New European privacy regulations went into effect on 25 May that will force companies to be more attentive to how they handle customer data.
The ramifications were visible from day one, with major U.S.-media outlets including the LA Times and Chicago Tribune were forced to shutter their websites in parts of Europe.
People in the bloc have been bombarded with dozens of emails asking for their consent to keep processing their data, and a privacy activist wasted no time in taking action against U.S. tech giants for allegedly acting illegally by forcing users to accept intrusive terms of service or lose access.
The European Union General Data Protection Regulation (GDPR) replaces the bloc's patchwork of rules dating back to 1995 and heralds an era where breaking privacy laws can result in fines of up to four per cent of global revenue or US$23.5 million, whichever is higher, as opposed to a few hundred thousand euros.
European privacy regulators signalled that they were ready to flex their muscles but were not "sanctioning machines".
“This (forced consent) is an issue that we will be looking at immediately, and work is already underway," said Helen Dixon, head of the Irish Data Protection Commissioner, which will be responsible for policing U.S. giants Facebook and Google, among others.
Many privacy advocates have hailed the new law as a model for personal data protection in the internet era and called on other countries to follow the European model.
Critics say the new rules are overly burdensome, especially for small businesses, while advertisers and publishers worry it will make it harder for them to find customers.
The GDPR clarifies and strengthens existing individual rights, such as the right to have one's data erased and the right to ask a company for a copy of one's data.
But it also includes entirely new mandates, such as the right to transfer data from one service provider to another and the right to restrict companies from using personal data.
"It's a gradual and not a revolutionary kind of thing ... However for many companies it was a huge wakeup call because they never did their homework. They never took the data protection directive seriously," said Patrick Van Eecke, partner at law firm DLA Piper.
Activists are already planning to use the right to access their data to turn the tables on internet platforms whose model relies on processing people's personal information.
That means companies have had to put in place processes for dealing with such requests and educating their workforce because any non-compliance could lead to stiff sanctions.
Studies suggest that many companies are not ready for the new rules. The International Association of Privacy Professionals found that only 40 per cent of companies affected by the GDPR expected to be fully compliant by 25 May.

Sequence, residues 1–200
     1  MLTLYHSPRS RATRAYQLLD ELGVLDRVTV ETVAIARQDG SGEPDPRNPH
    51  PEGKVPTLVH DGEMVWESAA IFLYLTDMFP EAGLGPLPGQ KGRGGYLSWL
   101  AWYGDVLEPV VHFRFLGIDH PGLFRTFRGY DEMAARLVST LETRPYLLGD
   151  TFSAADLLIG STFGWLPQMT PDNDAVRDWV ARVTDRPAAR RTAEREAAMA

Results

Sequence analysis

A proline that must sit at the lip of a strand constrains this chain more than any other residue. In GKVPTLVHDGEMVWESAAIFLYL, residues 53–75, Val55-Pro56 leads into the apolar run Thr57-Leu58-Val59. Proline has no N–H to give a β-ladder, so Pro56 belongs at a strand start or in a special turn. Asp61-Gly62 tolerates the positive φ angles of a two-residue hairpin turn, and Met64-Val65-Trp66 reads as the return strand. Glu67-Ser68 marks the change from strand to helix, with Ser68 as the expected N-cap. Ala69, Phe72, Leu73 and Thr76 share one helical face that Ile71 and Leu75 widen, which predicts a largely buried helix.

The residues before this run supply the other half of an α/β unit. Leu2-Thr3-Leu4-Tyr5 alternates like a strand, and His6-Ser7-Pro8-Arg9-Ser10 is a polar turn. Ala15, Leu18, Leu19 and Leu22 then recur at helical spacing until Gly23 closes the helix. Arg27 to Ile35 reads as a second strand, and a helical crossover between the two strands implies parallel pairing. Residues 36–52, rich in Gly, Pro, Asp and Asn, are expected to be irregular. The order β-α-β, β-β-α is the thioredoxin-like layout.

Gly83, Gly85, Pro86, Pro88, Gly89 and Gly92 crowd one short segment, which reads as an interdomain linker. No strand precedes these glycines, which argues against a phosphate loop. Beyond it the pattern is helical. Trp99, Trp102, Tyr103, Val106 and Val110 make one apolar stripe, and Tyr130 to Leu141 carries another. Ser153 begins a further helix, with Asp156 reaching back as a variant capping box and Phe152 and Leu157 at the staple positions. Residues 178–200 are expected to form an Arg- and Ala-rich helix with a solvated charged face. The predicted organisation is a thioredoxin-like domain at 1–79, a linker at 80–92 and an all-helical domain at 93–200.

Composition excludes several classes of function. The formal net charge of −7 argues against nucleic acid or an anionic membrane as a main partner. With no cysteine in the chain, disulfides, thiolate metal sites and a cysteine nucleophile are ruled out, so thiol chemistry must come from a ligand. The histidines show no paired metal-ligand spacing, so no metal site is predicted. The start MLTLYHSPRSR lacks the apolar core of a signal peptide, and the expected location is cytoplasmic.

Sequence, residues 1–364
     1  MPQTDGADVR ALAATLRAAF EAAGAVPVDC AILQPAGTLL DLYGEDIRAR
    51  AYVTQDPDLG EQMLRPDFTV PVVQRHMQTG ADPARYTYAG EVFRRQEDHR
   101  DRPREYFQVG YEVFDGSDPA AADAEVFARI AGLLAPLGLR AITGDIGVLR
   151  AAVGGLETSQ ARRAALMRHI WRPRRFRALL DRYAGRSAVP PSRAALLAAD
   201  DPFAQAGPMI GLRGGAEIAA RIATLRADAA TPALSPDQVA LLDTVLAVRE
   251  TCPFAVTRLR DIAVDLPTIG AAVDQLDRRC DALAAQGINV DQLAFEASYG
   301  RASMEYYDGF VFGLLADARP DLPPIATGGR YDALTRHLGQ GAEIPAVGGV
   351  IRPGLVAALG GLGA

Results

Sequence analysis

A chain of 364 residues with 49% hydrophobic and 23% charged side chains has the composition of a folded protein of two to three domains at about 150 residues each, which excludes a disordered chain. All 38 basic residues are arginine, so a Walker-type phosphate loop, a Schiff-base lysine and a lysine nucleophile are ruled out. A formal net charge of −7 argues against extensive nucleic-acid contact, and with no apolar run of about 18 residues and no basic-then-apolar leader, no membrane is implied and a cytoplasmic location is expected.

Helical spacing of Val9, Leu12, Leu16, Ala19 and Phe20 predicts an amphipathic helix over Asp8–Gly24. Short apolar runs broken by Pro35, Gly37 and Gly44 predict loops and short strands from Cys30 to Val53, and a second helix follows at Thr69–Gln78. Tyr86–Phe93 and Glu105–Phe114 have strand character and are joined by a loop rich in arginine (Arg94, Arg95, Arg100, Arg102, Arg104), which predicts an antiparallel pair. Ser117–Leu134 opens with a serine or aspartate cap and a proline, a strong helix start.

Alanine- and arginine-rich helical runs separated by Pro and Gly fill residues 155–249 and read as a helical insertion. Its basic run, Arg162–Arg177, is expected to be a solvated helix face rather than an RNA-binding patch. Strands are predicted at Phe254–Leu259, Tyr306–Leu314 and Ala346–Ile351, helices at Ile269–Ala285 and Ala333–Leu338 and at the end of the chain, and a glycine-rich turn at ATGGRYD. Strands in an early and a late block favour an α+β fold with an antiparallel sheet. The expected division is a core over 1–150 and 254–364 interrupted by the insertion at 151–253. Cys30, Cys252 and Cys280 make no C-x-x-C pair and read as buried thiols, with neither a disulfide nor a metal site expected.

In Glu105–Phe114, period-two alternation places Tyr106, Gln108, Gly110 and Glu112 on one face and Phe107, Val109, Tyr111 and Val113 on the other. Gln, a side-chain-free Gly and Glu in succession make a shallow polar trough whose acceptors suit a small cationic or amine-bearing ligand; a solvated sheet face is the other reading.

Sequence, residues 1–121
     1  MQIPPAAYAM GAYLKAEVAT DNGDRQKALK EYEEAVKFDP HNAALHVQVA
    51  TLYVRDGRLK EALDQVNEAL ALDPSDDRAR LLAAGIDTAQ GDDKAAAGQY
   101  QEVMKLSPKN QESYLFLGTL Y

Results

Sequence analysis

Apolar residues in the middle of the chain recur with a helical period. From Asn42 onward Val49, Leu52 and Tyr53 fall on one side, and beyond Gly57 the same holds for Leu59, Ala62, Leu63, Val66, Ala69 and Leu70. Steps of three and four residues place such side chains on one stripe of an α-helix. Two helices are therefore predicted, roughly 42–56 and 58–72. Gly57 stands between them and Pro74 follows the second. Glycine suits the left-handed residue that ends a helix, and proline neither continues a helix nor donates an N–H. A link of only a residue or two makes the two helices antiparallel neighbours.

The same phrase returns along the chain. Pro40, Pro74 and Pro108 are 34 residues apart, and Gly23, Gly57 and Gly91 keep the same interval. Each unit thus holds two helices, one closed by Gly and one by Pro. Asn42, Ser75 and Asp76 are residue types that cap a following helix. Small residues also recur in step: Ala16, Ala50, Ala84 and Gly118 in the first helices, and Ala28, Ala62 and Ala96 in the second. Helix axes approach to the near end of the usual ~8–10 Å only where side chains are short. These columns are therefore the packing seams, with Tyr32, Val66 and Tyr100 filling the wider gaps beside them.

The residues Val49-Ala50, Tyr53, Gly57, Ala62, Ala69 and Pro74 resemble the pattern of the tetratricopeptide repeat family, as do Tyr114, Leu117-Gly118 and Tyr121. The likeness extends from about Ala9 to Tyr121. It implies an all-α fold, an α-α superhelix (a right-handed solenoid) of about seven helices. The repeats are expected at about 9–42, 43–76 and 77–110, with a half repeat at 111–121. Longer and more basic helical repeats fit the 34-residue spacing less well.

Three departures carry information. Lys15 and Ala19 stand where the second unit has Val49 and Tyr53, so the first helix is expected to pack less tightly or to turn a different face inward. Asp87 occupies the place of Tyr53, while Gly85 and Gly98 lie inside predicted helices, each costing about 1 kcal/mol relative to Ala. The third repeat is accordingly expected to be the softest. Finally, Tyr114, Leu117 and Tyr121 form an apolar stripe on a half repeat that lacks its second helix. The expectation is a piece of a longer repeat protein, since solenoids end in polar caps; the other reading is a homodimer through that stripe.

It is unclear how many provisions of GDPR will be interpreted and enforced. European regulatory authorities, many of whom say they are under-funded, will oversee the new law, with a central body to resolve conflicts.
One key provision of GDPR, the right to data portability, is causing particular confusion.
"I think the data portability rights are pretty significant and are going to take a while for people to figure out what the bounds of them are and how to go about complying with them," said David Hoffman, associate general counsel and global privacy officer at Intel.
For example, music streaming services such as Spotify create playlists for users based on their music preferences.
While a user seeking to exercise the data portability right would be able to move playlists he or she created, the situation becomes fuzzy if the playlists are created by the streaming service using algorithms.
EU data protection authorities said individuals should be able to transfer data provided by them but not "derived data" created by the service provider such as algorithmic results.
"It's not obvious that you can necessarily migrate the data from your system to somebody else's system," Tanguy Van Overstraeten, of Linklaters, said.
On the business side, companies are rushing to renegotiate contracts with suppliers and service providers because GDPR increases their liability if something goes wrong.
Data processors which only process or store the data on behalf of their clients, for example cloud computing providers, will be directly liable for sanctions and could face lawsuits from individuals, and that needs to be reflected in contracts.
(Editing by Matthew Mpoke Bigg and Toby Chopra)